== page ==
The football coach then was Clell Wade. He was a classy guy. Ray Mach was the next coach, then Cecil Naylor took over. When Cecil got married, I remember the assistant coaches somehow restrained him with a gunnysack over his head and threw him in the lower park lake. At least that is how I remember the story.

Juicy Sprigg ran rampant on the MVC football field. Don Kalthoff was the most graceful athlete ever. Waite Smith was a master at setting the pick on the basketball court. Doug Swinger was a determined basketball player, but Benny was better. Don Abney was a celebrated athlete after pulling off an electrifying game winning touchdown against Slater. Drum Majorettes wore what looked like cowboy boots. Girls played half court basketball. Boys basketball was played on the Bueker stage. Woody Gaba had some fantastic basketball teams.

Gotta go. Please don't classify me as one of those strange people.

-- Posted by red dog on Fri, Oct 9, 2009, at 6:38 AM

I have been around this town for quite a while. I saw the Benton School north addition go up. I saw the gym and new classrooms go up at what is now Bueker. I remember "Meatball" climbing the airport light tower and falling off. He survived.

I say all that to lay support for my observations. There were some strange people around town then. As much as things change, they stay the same. There are still strange people in this town. Only the names and faces have changed.

The Democrat News has stirred up some of these strange people, giving them a forum to vent their twisted outlook on life. There are some unhappy people out there, not so much unhappy with the school bond issue as they are unhappy with their life.

These people never have, and never will, speak for the majority. I suggest we so called "normal" people ignore anything written by obviously disturbed people, quit responding to their writings and stick with the facts.

-- Posted by red dog on Fri, Oct 9, 2009, at 6:01 AM

Ok, you think you know everything, but there is alot of truth in what I said. If you look around, there are MANY places to build the new school.

1. Old Eastwood trailer park, which is no longer there. Just trees and stuff.

2. Knock down one of the old buildings and build a new one. Cut the size of the grass for building area.

3. Fix the old buildings.

You don't need more than 5 ac. to building a building.

4. The land where the Porky's was. There are several pieces of land out there. Then, simply expand the "city limits."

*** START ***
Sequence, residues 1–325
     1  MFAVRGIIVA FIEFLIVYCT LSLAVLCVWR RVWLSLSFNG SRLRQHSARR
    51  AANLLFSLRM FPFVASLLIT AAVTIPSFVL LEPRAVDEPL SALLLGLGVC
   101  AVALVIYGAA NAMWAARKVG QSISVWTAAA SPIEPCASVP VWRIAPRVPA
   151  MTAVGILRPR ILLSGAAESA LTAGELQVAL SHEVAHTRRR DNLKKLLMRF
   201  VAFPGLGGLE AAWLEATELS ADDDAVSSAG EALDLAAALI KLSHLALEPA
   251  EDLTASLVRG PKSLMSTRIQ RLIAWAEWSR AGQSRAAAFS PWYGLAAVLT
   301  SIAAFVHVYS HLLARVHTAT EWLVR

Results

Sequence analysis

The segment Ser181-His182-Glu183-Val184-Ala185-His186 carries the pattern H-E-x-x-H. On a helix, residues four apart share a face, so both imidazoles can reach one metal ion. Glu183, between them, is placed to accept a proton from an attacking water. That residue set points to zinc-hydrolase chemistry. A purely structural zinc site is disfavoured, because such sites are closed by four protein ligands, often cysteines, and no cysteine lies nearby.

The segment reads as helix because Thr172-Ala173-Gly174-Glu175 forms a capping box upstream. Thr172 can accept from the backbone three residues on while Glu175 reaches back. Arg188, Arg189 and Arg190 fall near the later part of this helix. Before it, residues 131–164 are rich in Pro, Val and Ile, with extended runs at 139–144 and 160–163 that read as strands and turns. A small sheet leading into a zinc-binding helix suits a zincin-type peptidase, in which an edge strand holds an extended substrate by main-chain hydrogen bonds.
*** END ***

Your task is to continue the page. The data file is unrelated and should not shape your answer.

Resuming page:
Come on people, it's not that had to come up with ideas.

-- Posted by ieatsuperglue on Fri, Oct 9, 2009, at 2:45 AM
Response by Eric Crump/Editor:
The architect advising the district says the rule of thumb for elementary schools is 10 acres plus 1 acre per 100 students, making the minium for the proposed school 16 acres. The Eastwood trailer park site was not offered for sale to the district.

First of all, the fact that this newspaper allows people to make comments like super glue has is the reason that more people are telling me they are turning away from this paper. It should be ashamed to allow it.

I challenge people on here to start supporting comments with facts. Those wanting to pass the bond have. If you don't like the location, you should have been involved and come up with a supportable, viable alternative. Something other than, "somewhere else." There are not huge open lots in the middle of the town that would support a building of this size. And NO ONE has suggested a realistic one to this point.

For those who keep harping on spending the money elsewhere, where do you propose? Research has shown that better, newer schools help bring in business. Also, research has shown that a childs learning environment is crucial to their success. Evidently that isn't important to our community. New school buildings are already almost 10 years too late. The cost of this thing is ridiculously cheap for what we are getting in return.

I'll leave you with this thought. If you want your community to grow, the first thing you need to do is keep the people you have, not worry about bringing in new one's. Retention is the key to any growth success. If you want this community to thrive, you need children to grow up and want to stay. They aren't going to stay and put their kids in antiguated facilities. Don't let pettiness stand in the way of progress. Help out our children.

-- Posted by a realist on Fri, Oct 9, 2009, at 12:56 AM

what the f ... my sentiments exactly! you nailed it. i want a new school, just don't want one located outside of town in that area, so far away, and don't like the limited grades the school will serve. other than that ... let's get a new school, completely in agreement with it! when will they ever get it? when they wake up and realize how to do this, they will get my vote.

-- Posted by aikman8 on Fri, Oct 9, 2009, at 12:37 AM